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Could a 'Rolling Ban' Force Foreign Tech Platforms to Fall in Line with Indian Laws?

Twitter logo (Reuters)

Twitter logo (Reuters)

The advantage of this approach is that it manages to impose a cost on tech platforms that are wilful violators without actual censorship.

Last week, Twitter locked the account of Ravi Shankar Prasad, the union minister for information technology and law, for several hours. The minister protested but to no avail. The platform insists that American laws, as well as its own internal company policies, take precedence over Indian law.

Let us go beyond the finger-pointing and the obvious partisan relish from some quarters at the plight of the minister. It is clear that India is facing a crisis of sovereignty. What if other multinational corporations operating in India similarly refused to follow Indian laws? What if foreign car manufacturers, laptop companies or fast food chains said tomorrow that they want to be governed by the laws of Japan, China or America?

The simple answer is that those other companies won’t ever say that. Because each of those businesses depends on maintaining physical infrastructure in India for its survival. If our ports are closed to their goods, or their factories or distribution outlets in India are shut down, they can no longer operate.

But this does not apply to foreign tech platforms that service their users virtually. In real terms, these platforms do not need to be located ‘anywhere’. This is the first reason that the Indian government is struggling to enforce our regulatory framework upon these companies. Imagine how hard it is already to enforce our tax laws because of small island countries that act as tax havens. Now think about companies that could exist anywhere on the internet landscape.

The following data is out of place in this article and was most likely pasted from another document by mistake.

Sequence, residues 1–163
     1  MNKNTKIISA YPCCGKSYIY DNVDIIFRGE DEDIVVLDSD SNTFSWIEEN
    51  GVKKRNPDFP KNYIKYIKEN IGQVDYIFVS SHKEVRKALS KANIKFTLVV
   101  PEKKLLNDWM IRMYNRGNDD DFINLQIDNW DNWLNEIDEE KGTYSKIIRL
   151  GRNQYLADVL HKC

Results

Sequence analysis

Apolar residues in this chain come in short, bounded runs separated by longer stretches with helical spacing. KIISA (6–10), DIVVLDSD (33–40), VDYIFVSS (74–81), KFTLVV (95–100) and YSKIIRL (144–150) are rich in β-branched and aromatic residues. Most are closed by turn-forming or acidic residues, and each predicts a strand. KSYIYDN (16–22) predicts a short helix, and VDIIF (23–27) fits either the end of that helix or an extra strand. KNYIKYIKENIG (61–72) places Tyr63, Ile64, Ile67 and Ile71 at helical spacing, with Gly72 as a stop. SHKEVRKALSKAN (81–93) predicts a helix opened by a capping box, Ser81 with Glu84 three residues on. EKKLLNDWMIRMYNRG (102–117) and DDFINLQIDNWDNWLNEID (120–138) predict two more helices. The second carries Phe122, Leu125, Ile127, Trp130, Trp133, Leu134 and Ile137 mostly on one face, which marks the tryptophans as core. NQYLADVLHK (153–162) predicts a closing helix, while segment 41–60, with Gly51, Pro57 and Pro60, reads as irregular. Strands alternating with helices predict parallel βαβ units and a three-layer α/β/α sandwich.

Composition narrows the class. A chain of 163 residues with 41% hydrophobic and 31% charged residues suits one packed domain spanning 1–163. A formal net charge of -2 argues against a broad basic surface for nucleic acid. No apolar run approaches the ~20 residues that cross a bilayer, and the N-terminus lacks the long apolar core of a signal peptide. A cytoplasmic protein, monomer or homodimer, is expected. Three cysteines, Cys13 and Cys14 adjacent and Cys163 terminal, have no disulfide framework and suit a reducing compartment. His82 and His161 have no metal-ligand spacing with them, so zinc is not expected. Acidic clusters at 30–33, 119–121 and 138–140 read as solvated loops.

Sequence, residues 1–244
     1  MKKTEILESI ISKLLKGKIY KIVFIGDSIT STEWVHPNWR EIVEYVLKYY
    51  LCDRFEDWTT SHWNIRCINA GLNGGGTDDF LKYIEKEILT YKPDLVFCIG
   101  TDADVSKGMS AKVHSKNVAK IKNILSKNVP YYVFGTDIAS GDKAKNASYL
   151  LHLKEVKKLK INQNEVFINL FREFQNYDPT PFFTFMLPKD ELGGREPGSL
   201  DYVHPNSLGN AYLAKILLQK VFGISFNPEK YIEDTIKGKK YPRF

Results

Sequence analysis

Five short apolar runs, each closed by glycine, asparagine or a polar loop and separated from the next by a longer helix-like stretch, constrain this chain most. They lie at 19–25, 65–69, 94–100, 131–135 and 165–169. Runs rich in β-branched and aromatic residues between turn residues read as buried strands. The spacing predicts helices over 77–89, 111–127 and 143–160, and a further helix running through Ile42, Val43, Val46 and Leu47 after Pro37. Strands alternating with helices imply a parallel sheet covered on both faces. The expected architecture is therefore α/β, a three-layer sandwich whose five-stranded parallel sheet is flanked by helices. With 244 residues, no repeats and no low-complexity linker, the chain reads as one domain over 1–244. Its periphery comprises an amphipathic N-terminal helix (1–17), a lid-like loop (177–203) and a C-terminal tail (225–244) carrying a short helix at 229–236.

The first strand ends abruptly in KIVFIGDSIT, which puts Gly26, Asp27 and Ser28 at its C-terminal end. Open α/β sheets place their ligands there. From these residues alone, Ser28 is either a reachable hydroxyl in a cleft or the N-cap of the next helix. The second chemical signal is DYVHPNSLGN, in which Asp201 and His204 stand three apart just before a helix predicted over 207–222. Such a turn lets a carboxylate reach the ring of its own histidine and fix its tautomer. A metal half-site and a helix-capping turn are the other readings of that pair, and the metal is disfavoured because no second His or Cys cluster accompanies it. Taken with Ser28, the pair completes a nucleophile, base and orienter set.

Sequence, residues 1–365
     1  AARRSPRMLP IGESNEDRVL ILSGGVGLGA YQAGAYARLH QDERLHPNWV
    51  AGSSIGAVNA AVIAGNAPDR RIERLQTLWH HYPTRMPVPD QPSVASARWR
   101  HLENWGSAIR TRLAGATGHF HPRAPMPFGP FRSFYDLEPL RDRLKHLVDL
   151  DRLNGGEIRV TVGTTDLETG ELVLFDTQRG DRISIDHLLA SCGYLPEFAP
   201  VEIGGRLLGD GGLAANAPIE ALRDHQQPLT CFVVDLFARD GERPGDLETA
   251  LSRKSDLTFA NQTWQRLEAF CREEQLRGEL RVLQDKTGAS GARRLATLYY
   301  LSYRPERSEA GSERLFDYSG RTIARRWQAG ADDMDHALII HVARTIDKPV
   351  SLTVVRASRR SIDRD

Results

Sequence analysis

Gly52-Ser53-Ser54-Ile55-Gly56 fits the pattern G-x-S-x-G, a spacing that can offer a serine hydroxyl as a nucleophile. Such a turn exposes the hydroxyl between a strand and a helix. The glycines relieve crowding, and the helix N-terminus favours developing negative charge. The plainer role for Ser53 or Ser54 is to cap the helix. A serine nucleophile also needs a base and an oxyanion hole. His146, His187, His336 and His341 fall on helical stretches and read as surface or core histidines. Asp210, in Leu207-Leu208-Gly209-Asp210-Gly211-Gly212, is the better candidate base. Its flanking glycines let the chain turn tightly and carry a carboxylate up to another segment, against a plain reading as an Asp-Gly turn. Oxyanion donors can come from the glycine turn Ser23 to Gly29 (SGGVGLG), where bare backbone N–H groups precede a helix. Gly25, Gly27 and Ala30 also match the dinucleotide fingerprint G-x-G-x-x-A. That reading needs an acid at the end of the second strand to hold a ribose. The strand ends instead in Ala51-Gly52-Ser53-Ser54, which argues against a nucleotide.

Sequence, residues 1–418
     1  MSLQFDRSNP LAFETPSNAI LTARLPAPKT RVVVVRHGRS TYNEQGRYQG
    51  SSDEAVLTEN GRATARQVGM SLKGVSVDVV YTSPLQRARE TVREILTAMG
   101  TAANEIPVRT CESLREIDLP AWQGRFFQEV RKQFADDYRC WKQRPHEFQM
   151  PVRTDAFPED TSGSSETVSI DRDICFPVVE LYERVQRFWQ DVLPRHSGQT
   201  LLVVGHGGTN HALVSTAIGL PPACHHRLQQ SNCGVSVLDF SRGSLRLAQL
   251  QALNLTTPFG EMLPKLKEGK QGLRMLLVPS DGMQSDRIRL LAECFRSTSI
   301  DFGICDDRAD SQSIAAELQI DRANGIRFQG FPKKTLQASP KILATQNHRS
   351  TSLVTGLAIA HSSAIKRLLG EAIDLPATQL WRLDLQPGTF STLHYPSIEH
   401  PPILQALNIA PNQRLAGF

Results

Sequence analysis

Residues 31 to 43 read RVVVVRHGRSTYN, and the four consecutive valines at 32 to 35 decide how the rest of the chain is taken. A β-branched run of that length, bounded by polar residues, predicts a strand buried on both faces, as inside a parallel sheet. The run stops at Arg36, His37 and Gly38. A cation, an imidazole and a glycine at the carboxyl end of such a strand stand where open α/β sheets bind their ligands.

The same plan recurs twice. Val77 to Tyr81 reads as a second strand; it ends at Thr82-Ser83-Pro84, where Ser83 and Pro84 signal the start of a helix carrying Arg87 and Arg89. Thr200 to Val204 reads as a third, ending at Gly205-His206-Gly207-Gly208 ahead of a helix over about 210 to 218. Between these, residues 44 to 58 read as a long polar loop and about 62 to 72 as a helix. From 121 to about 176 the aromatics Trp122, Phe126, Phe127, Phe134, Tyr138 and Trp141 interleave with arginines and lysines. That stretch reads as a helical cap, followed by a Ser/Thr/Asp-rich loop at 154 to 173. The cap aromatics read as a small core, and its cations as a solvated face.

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The second reason is that we have no obvious domestic alternatives to these tech platforms. When these companies first began growing organically in India around 2009, they were often welcomed as a breath of fresh air; forces for building a global digital utopia. They rejuvenated family ties across continents, magnified pro-democracy voices during the Arab Spring, broke down traditional barriers of class, privilege and territorial boundaries. The disruption phase was, as it always is, exhilarating. Generally speaking, they did so much good that nobody thought about the kind of power that we were handing over to non-state actors. Over the last decade, we have organised business, media and the economy around them. If we switch them off now, the internet goes dark.

The third reason is that public opinion on this issue has not matured yet. As long as people think of the current fight as an ego clash between ministers, babus and BJP on one side and a corporation on the other, there will never be enough public support for the government to take severe steps. Most people see these platforms as a value addition to their lives, that they appear to enjoy for ‘free’. They do not yet think about what they are paying in return, which is personal data.